I can't answer all in one comment, so one comment for each question... I used "terminating" because that is the terminology most load balancers use when talking about SSL, see the following links, aws.amazon.com/elasticloadbalancing, rackspace.com/cloud/cloud_hosting_products/loadbalancers/…, www.snapt-ui.com/haproxy/snapt-haproxy-ssl-termination-released/. Sorry if it was confusing. –  Matthew O'Riordan Jan 31 '12 at 11:21

4 Answers 4

I do not know much about the CPU power available on different EC2 instances, but I assume your problem lies not with your choice of TLS-terminating proxy software, but with their configuration. Without any configuration, I'm assuming all of them would offer all cipher suites they support, including (very) slow ones. And they'll probably let the client pick the one it likes best, too.

Not all TLS cipher suites are born equal, some have higher CPU costs than others, be it from the key exchange or the cipher itself. Depending on the software used, there should be a way to specify a string of ciphers the server accepts (and also a way to make the server insist on that). For OpenSSL these work this way: http://www.openssl.org/docs/apps/ciphers.html#CIPHER_STRINGS

If you're going for speed, at least make sure you're not using ciphers that employ Diffie-Hellmann (the non-elliptic-curve kind) key-exchanges. To disable cipher suites using DH key exchange, make sure the string includes !DH at some point. You can test what string results in which ciphers being available with, for example, openssl ciphers -v 'HIGH:!aNULL:!DH:!ECDH'.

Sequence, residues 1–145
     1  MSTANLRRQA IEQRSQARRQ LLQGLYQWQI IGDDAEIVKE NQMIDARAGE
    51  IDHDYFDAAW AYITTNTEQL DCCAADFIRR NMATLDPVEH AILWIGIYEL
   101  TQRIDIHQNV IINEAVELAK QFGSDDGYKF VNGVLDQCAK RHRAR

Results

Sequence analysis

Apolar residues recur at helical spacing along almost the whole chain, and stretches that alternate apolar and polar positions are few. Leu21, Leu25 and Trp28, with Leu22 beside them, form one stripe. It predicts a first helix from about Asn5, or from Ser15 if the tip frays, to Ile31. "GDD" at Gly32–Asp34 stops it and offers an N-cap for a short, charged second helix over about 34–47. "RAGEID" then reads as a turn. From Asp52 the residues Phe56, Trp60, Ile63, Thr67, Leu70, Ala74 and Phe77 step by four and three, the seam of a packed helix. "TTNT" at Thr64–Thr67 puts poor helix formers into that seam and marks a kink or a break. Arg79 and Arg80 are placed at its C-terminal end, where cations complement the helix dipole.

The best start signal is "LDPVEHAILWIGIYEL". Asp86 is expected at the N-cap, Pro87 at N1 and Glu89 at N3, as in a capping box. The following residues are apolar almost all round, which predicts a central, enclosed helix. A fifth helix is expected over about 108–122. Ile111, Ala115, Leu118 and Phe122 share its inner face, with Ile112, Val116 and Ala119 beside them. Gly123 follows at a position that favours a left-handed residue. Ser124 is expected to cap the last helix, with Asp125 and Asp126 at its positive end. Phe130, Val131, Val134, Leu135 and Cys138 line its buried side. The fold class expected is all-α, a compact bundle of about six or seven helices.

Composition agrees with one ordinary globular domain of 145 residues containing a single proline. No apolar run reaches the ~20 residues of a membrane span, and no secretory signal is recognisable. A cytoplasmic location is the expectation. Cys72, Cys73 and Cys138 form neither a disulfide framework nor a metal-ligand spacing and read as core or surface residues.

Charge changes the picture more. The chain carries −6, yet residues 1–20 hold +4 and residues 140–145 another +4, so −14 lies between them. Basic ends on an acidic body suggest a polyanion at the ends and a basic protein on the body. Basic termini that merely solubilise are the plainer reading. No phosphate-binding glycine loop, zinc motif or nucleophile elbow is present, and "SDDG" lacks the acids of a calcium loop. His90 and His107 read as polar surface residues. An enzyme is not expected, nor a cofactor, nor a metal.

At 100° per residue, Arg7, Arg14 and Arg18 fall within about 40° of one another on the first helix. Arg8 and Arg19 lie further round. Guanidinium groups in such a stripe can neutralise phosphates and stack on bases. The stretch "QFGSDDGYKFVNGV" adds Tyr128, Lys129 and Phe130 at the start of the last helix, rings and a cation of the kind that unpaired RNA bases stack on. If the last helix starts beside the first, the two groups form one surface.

This string disables both normal Diffie-Hellman as well as Elliptic Curve Diffie-Hellmann key exchanges. This probably only leaves RSA key exchange, depending on your OpenSSL version.

Regarding ciphers, you should probably test on your intended EC2 hardware. Without hardware acceleration, you should probably prefer RC4 over AES128 over AES256 over anything else, at least according to this benchmark.

I also suggest reading this wonderful post, especially the enlightening first diagram showing the impact of DH on TLS handshake performance.

Lastly, make sure you're using TLS session caching. That saves some CPU, too.

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I just realized Amazon's Elastic Load Balancer is super slow for SSL Termination... I did a simple test on www.blitz.io (no relation, just a customer) with 1 to 250 concurrent connections over 1 minute. It failed horribly... But if I do TCP 443 on front end of ELB and TCP 443 on backend with no certificate, it wipes out a small instance's CPU when running IIS and an SSL cert on that instance. I need just handshakes, it's a simple web service serving clients from all over the place. New connection setup and teardown every time.

How can I design a high traffic SSL web service, preferably with SSL all the way to the backend for strict security compliance?

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The performance of Node.js' https server is very similar to Pound, stunnel and stud,and there is no clear advantage to that approach.

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Well arguably there is then. Assuming Node's HTTPS performance is similar, then you would argue why you should use Pound / Stunnel / Stud in front of Node.js as it simply adds another bottleneck and component into the system. –  Matthew O'Riordan Feb 6 '12 at 13:33

I'm also wondering how to do this effectively. AWS ssl termination is dreadfully slow, but perhaps there is some way to improve its performance. Stud seemed promising but like you mentioned, also has a large cpu cost.